Olson has served as Editor & Curator at Rhizome, the inaugural curator at Zero1, and Associate Director at SF Camerawork. She's contributed to many major journals & books and this year Cocom Press published Arte Postinternet, a Spanish translation of her texts on Postinternet Art, a movement she framed in 2006. In 2015 LINK Editions will publish a retrospective anthology of over a decade of her writings on contemporary art which have helped establish a vocabulary for the criticism of new media. Meanwhile, she has also curated programs at the Guggenheim, New Museum, SFMOMA, White Columns, Artists Space, and Bitforms Gallery. She has served on Advisory Boards for Ars Electronica, Transmediale, ISEA, the International Academy of Digital Arts & Sciences, Creative Capital, the Getty Foundation, the Rockefeller Foundation, the Kennedy Center, and the Tribeca Film Festival.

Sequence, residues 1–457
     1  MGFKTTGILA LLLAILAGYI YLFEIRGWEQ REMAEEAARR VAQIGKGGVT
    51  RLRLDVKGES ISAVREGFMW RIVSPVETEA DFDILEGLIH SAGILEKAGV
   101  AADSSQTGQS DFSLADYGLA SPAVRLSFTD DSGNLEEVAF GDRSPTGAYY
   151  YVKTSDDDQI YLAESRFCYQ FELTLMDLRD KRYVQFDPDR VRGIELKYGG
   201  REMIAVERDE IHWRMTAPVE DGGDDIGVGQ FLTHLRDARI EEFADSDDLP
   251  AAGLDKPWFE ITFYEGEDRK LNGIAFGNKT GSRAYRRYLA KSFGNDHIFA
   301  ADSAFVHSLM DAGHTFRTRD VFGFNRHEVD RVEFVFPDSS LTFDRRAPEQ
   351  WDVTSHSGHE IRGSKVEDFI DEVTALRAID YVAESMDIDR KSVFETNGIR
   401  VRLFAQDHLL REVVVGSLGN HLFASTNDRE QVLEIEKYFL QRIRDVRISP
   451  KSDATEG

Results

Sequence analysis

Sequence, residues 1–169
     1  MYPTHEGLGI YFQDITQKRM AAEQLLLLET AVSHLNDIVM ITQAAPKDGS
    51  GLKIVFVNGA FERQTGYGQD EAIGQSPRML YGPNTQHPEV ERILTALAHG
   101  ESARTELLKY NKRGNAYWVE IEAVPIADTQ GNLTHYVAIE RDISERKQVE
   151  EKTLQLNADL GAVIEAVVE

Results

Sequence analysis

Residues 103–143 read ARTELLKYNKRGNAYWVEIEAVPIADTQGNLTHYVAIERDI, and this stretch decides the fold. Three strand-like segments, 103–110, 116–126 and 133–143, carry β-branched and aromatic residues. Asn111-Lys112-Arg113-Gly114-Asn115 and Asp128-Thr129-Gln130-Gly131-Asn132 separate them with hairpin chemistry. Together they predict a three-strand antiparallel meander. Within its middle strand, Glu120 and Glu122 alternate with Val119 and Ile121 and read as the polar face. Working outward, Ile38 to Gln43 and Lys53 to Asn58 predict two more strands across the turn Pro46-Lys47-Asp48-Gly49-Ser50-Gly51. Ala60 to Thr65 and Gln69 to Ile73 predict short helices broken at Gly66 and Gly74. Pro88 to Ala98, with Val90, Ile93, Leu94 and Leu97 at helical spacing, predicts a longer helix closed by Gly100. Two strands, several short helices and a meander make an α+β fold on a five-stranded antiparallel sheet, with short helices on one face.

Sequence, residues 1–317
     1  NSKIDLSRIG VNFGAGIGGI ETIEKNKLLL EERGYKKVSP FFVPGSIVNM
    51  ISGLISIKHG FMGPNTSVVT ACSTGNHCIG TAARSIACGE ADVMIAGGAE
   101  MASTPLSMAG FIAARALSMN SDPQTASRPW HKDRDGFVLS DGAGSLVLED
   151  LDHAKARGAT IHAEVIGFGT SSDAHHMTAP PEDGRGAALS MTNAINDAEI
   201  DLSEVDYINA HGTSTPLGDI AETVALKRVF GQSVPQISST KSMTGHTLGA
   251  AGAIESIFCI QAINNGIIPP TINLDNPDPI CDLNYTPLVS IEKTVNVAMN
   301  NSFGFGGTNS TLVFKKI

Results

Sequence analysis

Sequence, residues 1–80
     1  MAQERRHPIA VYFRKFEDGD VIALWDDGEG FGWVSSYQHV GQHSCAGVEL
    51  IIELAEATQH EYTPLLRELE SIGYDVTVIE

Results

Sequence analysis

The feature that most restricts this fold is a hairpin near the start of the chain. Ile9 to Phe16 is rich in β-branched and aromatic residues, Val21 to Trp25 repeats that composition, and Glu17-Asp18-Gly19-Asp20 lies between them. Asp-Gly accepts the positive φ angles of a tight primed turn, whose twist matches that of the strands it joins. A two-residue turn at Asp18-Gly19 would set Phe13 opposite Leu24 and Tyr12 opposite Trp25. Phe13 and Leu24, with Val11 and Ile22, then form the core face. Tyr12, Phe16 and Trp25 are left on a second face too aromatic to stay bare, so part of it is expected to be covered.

Olson studied Fine Art at Goldsmiths, History of Consciousness at UC Santa Cruz, and Rhetoric & Film Studies at UC Berkeley. She has recently been a visiting artist at Yale, SAIC, Oberlin, and VCU; a Visiting Critic at Brown; and Visiting Faculty at Bard College's Milton Avery Graduate School of the Arts and Ox-Bow. She previously taught at NYU's Tisch School of the Arts' new media graduate program (ITP) and was Assistant Professor of New Media at SUNY-Purchase's School of Film & Media Studies. She was recently an Artist-in-Residence at Eyebeam & is currently Visiting Critic at RISD.